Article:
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2005 In Review: 10. HCI
(December 19, 2005) For the next couple of weeks, we're going to look back at 2005's top 10 events, trends, products or people in our industry.
It was a heady year with investment returning to the marketplace and actual IPOs being launched. Honest new products and approaches arrived and took center stage. The realities of the age wave we've been discussing for a decade began to take actionable shape. 2005 was a pivotal year, an inflection point in a history that seems to be unlike anything we've expected.
At the same time, the plaguing difficulties faced by the large corporation segment continued to accelerate. Flattened business landscapes are challenging the hierarchical structure and the very definitions of national boundaries. The internet is turning out to be a phenomenal accelerator of local growth in spite of the continued globalization claims. Globalization, it turns out, means accelerating development in places that want and need it,
One of the most surprising stories of out top 10 list is the incredible momentum and success of the Human Capital Institute.
To say we didn't expect the outcome is to understate the low chance of success we forecast. An outgrowth of the AIRS operation, the initial goals and objectives of the operation seemed over reaching and vendor biased. For a short while, we sat on one of the many advisory boards and watched one vendor dictate the content. They were paying the bill and had every right. We simply let our involvement dwindle. We assumed that the game would catch up with itself and that the world would soon be rid of the Human Capital Institute.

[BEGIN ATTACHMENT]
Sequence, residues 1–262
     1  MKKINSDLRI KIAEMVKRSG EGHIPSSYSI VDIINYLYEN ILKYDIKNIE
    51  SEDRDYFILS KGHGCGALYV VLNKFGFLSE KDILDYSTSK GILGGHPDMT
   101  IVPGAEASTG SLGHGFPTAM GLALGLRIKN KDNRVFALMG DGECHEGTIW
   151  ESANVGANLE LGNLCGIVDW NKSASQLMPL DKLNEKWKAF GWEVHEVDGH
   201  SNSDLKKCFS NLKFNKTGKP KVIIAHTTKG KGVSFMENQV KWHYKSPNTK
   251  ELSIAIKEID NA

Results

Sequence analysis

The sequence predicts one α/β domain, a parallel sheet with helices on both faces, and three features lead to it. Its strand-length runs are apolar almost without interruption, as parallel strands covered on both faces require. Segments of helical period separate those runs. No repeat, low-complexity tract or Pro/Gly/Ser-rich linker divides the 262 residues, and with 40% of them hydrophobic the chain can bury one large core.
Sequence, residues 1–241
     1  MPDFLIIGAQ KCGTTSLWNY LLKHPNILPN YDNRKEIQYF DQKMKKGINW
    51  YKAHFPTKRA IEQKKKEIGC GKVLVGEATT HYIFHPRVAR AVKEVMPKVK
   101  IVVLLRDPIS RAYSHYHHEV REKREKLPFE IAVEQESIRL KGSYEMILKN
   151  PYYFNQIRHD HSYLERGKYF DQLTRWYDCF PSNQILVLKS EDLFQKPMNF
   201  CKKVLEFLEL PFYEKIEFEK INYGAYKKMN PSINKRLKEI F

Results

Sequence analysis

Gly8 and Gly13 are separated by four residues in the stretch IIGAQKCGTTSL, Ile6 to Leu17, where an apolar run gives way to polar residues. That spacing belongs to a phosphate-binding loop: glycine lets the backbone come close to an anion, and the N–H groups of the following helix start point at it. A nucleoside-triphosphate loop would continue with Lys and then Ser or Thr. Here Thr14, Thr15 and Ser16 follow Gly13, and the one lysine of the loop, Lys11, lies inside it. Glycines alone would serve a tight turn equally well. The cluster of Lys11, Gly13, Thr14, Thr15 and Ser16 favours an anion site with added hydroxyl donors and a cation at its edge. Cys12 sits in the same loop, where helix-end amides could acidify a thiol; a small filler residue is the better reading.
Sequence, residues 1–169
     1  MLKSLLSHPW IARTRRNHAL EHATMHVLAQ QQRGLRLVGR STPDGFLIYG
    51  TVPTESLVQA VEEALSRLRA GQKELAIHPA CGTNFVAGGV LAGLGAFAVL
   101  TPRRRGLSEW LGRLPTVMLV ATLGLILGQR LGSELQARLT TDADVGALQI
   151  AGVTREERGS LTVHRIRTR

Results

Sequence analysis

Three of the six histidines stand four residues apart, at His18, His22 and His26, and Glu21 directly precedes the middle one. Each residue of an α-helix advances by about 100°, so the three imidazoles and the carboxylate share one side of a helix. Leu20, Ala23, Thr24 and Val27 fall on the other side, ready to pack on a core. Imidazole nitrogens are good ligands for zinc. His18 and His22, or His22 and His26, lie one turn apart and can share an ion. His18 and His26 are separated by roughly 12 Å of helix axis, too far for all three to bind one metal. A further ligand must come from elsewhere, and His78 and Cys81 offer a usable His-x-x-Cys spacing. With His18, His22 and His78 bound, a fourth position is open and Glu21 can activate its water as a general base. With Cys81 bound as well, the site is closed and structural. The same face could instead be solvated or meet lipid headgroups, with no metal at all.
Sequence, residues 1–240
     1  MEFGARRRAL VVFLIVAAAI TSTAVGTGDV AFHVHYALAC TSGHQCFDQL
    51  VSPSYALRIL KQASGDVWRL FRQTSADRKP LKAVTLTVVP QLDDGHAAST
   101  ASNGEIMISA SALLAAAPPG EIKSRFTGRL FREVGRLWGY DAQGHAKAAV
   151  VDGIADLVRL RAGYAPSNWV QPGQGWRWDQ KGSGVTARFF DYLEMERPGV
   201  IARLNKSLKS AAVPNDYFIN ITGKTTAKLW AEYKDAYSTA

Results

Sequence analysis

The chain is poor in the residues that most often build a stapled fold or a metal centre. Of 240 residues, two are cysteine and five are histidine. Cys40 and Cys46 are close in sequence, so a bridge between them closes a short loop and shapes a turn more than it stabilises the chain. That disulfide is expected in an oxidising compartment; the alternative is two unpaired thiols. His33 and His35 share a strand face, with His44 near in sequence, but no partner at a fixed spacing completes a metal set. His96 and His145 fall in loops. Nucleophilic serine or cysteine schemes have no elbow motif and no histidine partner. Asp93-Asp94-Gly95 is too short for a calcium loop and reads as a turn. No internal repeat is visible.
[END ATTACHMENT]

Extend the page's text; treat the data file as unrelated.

If it isn't clear, our perceptions were off and we really missed this one. The Human Capital Institute is becoming a driving force in our industry. Their seminars are well attended. They've produced a well oiled academic - industry network. The HCI communities of interest provide a reasonably well rounded approach to many of the key issues facing the industry. Although the HCI Blogosphere is a wee bit of a failure, that doesn't change the fact that Alan Schweyer (the working leader of the process and chief ambassador) has assembled a meaningful operation that is having real impact.
Schweyer, a veteran of hr.com seems to have learned his lessons. HCI picks up where the various other organizations (HR.com, blr.com, the conference board, those quiet subscription places, IHRIM) leave off. A tightly coupled intersection with academic curriculum development is the real secret. HCI's posture as a non-profit makes it attractive as an academic partner. The credibility that we found lacking initially is forged in the organization's partnerships with reputable colleges.
Our hats are off to the folks at HCI. In something like 18 months, they have created a platform that is capable of changing the industry.- John Sumser © TwoColorHat. All Rights Reserved.
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by John Sumser
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